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I fully agree. Sadly, it seems the democratic candidates are more interested in fighting each other than doing as you say, explaining the reality to the people. Hopefully they soon get their heads on straight. Yes, I’d love to see companies either provide training themselves or pay additional taxes for re-training … heck, I’d like to see companies pay taxes period! The list of corporations that paid none, some even getting refunds, in 2018 was appalling.
I’m so glad you’re coming back! We have all really missed you!
Yes it is automation rather than immigration that has displaced workers.
I want to insist, however, that automation is good. It eliminates a lot of back breaking and mind numbing labor. The real problem is that corporate executives have kept most of the benefits of automation for themselves, instead of allowing society as a whole to benefit.
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I’m pro business and pro-progress/ technology. I’m even pro-trade. But we as taxpayers can no longer subsidize the businesses who do what its executives do at the expense of the displaced worker. In my opinion, corporations should be required to subsidize the retraining of these workers so that they can fill other needed corporate opportunities at a living wage.
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Excellent post….so informative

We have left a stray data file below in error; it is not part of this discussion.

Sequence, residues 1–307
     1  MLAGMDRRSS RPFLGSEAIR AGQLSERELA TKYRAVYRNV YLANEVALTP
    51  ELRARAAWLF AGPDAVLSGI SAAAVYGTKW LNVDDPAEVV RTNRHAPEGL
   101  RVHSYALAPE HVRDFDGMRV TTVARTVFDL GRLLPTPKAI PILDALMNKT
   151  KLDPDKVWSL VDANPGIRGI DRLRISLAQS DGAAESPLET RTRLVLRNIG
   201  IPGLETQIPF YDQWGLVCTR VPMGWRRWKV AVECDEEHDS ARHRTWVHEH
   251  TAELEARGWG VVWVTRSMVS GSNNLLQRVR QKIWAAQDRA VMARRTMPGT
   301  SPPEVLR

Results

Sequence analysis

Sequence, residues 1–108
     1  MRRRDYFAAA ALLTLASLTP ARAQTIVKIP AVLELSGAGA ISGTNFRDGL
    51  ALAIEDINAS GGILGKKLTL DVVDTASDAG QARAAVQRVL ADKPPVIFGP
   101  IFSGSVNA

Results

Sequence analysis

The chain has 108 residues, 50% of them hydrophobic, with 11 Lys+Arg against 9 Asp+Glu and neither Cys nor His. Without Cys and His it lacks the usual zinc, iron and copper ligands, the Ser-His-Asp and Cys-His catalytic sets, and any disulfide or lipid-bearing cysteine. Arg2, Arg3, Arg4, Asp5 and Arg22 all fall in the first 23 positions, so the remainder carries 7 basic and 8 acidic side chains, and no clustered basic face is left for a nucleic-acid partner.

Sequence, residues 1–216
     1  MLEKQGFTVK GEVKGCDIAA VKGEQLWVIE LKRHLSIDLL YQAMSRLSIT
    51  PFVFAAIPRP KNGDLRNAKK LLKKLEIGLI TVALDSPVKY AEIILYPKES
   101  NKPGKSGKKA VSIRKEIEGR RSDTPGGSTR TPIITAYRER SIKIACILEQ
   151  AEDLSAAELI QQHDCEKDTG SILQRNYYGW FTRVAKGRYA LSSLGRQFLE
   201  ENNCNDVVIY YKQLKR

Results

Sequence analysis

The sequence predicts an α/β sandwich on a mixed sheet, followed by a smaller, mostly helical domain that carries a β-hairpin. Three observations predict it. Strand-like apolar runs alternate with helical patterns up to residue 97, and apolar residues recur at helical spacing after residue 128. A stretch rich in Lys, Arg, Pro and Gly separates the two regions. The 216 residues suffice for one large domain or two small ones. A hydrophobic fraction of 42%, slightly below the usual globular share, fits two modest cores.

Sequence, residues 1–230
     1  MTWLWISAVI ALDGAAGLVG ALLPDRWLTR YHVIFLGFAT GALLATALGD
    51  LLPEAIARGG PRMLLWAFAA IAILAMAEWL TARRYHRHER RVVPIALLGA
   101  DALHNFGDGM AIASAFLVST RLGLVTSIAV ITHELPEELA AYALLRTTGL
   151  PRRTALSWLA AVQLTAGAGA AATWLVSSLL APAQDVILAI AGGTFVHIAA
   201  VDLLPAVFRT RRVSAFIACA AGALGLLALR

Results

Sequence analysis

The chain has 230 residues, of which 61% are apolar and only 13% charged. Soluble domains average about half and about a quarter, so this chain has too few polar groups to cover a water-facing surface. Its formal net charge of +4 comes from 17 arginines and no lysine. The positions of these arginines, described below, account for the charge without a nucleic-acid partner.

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Thank you for your gracious feedback.
I wish that more of the Democratic Party political candidates would resort to talking points about this to explain how the current president is misleading them with fake explanations and empty promises.
Gronda, this is excellent. You have done a very thorough job which speaks a fact-based truth. We have long discussed the immigration issue has been highlighted by the incumbent president as a major issue causing disenfranchisement. Immigration issues need to be improved upon, but the major issues causing worker disenfranchisement are – automation and CEOs chasing cheaper labor.
I am glad you added the work of ALEC. Since their origination, their has been an active campaign to cut the knees out of collective bargaining, which employers hate. Through these above issues – automation , pursuit of cheap labor and defanging unions – the pay differential has expanded greatly.
As Jill notes, this will only get worse. Politicians need to shoot straight with people. We deserve. And, when they don’t, they need to be called out. The current president has conned his followers in a huge way. And, they do not even know it. Deregulation, a top-loaded tax cut, making it harder for franchise workers to sue the brand name they sell, etc.
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Not long after I met with you and Mary Ann, doctors told me that because I have a huge kidney stone in a problem location, I will most likely require surgical intervention. Because my best friend, my Mom died on the operating table at Tampa General when she was nor much older than I am now, I’m terrified of this prospect.
I’ve gone back into hiding but I’m fighting this reflexive reaction as it’s not constructive.
As for this post, I’m sick of not hearing much about this subject on the debate stage. I want the Democratic Party presidential candidates to have realistic plans to deal with displaced miners and workers from manufacturing plants.